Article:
Lesle Lewis

Sample Poems

Is this free will or a truck backing up?

I stab at your musical heart.

I dare you to love me now.

Because we cultivate an openness to multiplicity and refuse to deny by selection, all the bad apples add up, but so do the good ones.

What a parallax to swim in!

It looks like white flowers all over the green ground and youth all over the bathroom floor.

It’s snow and gray hair.

How is this not like we knew this was our last day, and we looked around and saw this?

We are so humbled, fumbled, bumbled, and crumbled every afternoon.

The clouds hold long dull meetings, and a tall armless mood pokes her head through again, then drifts off to move a large stone, to put away boards, to paint a table, to cut its legs down.

The brain can’t stand an empty space so it finds things and tortures them.

Yes, we will be glad to get back to our reading.

No, not all the answers are in the house.

(from A Boot’s a Boot)

She goes to Italy, to Teaneck, to Afghanistan, and Walpole and then her hands over her head and then she takes her feet off the ground.

It is someone else’s life she thinks.

She flies past John Blair’s and hears such wailing noises she’s afraid they are killing pigs today.

She thinks elsewhere. Here’s one degree of warmth.

Here a cat sleeps on a dog bed, a mistranslation.

Here is modern androgyny and emotional flatness clanging.

Is there anywhere around here to go? The question is like a snowball on top of the Buddha’s head.

Here is a spring garden, all green and birdy with one hundred learned canary birds.

A girl and her peacock travel through dangerous mountains.

A young man greets a new life aboard the banana boat.

A baby lives with a mouse family.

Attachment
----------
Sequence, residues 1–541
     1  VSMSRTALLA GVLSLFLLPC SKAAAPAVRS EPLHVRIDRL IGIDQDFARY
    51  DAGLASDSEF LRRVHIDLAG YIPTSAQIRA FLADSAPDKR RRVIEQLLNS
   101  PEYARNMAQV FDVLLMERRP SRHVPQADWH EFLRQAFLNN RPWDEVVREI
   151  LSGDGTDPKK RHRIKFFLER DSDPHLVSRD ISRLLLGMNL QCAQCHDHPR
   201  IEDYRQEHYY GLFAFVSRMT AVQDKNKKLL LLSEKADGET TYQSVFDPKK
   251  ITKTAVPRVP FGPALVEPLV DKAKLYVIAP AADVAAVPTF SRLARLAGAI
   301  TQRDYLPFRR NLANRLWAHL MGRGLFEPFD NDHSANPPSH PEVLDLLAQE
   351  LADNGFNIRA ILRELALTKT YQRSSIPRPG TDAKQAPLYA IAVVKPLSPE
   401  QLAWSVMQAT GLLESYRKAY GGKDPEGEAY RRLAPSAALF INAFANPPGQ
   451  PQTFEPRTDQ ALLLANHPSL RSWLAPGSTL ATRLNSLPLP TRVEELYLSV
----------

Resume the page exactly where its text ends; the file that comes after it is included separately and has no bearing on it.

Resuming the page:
We are all headless and cannot speak.

She cannot believe there isn’t even one brave and necessary thing more, just a sledding night behind the curtain of a cafe.

(from Small Boat)

Like the novel in verse, the novel in verse, dogs in this town drive cars.

Houses expose themselves slowly.

It’s flammable linseed oil to which the cabinetmaker who made our feeders after losing his fingers loses his shop.

We must think of the little nun’s happiness.

If we shoot the bear, it won’t bother the feeders.

The birds love our willow trees, and love is the word.

(from Landscapes I & II)

I’m sorry to keep leaving myself out, to forget to call your love over the mountains into a fog.

I’m moving onto, and maturing into, confessing the first person who eats an orange and the orange is not real the way you know real.

This leaves me alone again still not ready to laugh.

I’m floating with the rest of the pronouns, and first we come to turkeys and then cows and then their bones.

It’s one walk or another through the fields, through the towns, past the mill where it is raining.

It’s roofless; it’s a puzzle.

Lately I’ve been tortured by these abstractions when really they are only doors with knobs on the wrong side.

I can’t even break a single line without so much anxiety that I can’t do it.

We sit outside at the tavern and eat and drink.

It is a tiny complicated mess relieved by its name: worm.

We drive home with an unhappy headache in the back seat.

By ten o’clock, our glasses and our shoes and our sweaters have wandered off towards their own self-realizations.

The terrific complexity of the moment is good enough.

We fall asleep just as the animal wars begin.

(from lie down too)